It would be odd to describe the richest Impressionist as the Cinderella of that movement, but Gustave Caillebotte has always been its sleeper. His wealth, perhaps, was to blame: a passionate yachtsman, he seemed as happy on the sea as painting it. In acknowledgement, an entire wall in this two room show is given over to sleek wooden models of boats after the master’s designs. The exhibition keenly misses the key loans that would give it a definitive air, such as The Parquet Floor Strippers from the Museé d’Orsay or Paris Street, A Rainy Day in the Art Institute of Chicago, but an appropriately minor show for a minor artist can still pack gems, such as this smaller study of floor scrapers. In their absorption and sweaty exertions they surely constitute an iconic depiction of labor, comparable in astuteness of observation to Courbet’s stonecutters and Velázquez’s spinners. Equaling its social insight is the picture’s value as a painting about painting, in the way the stripped veneer accentuates a sense of surface that is at once literal and metaphorical.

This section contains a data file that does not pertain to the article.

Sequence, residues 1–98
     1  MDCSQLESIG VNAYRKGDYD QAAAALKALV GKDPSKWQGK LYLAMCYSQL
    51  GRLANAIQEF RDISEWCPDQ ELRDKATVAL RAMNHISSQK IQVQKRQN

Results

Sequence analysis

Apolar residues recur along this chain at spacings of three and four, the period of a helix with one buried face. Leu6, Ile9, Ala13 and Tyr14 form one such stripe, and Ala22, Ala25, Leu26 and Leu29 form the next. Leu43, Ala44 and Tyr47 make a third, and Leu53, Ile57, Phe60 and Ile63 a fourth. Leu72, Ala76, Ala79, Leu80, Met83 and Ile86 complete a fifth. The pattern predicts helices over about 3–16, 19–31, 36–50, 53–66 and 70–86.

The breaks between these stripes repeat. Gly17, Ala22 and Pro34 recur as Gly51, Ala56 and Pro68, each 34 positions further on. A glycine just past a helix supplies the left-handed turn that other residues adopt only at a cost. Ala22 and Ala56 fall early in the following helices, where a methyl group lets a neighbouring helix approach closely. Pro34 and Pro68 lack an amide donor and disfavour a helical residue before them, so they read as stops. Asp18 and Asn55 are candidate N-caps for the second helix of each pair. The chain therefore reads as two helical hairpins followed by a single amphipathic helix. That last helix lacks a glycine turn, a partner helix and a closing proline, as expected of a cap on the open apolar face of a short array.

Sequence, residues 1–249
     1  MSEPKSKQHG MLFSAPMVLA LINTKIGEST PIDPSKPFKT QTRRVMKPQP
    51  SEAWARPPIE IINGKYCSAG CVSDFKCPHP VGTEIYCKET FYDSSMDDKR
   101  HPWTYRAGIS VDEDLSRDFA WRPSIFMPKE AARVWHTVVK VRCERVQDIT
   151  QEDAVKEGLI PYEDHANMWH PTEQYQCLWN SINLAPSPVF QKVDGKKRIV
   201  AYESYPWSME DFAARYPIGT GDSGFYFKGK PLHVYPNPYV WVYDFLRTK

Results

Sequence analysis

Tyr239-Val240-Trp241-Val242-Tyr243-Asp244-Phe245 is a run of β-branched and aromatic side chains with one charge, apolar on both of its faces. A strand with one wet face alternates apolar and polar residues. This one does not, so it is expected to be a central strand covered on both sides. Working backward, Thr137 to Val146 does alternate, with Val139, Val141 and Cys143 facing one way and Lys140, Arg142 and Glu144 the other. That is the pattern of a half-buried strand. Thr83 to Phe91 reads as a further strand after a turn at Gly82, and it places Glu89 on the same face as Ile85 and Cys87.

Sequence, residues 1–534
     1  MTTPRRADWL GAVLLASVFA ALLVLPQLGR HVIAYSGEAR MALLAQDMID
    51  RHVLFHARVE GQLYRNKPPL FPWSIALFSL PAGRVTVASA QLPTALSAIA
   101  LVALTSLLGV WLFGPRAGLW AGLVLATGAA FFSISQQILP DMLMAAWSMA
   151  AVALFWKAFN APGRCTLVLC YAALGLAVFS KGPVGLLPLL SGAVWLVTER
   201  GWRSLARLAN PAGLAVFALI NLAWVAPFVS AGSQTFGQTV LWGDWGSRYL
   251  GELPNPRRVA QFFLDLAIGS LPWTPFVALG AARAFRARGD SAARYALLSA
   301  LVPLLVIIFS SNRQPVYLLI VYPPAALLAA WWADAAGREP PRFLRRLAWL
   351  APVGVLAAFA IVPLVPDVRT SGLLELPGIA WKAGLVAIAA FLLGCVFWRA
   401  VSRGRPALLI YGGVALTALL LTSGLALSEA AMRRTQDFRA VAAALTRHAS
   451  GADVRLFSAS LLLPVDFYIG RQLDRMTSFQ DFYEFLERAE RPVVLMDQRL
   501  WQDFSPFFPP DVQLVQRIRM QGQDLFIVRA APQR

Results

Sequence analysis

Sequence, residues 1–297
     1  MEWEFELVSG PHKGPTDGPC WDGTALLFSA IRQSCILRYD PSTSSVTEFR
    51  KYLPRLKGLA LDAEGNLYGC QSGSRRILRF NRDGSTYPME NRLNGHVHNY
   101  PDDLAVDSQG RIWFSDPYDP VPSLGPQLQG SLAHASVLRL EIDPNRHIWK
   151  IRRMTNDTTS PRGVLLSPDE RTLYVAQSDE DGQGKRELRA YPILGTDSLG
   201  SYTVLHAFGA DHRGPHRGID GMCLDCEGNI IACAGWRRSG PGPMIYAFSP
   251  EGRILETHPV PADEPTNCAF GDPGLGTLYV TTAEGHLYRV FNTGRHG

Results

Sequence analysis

This was an artcritical PIC in June 2009print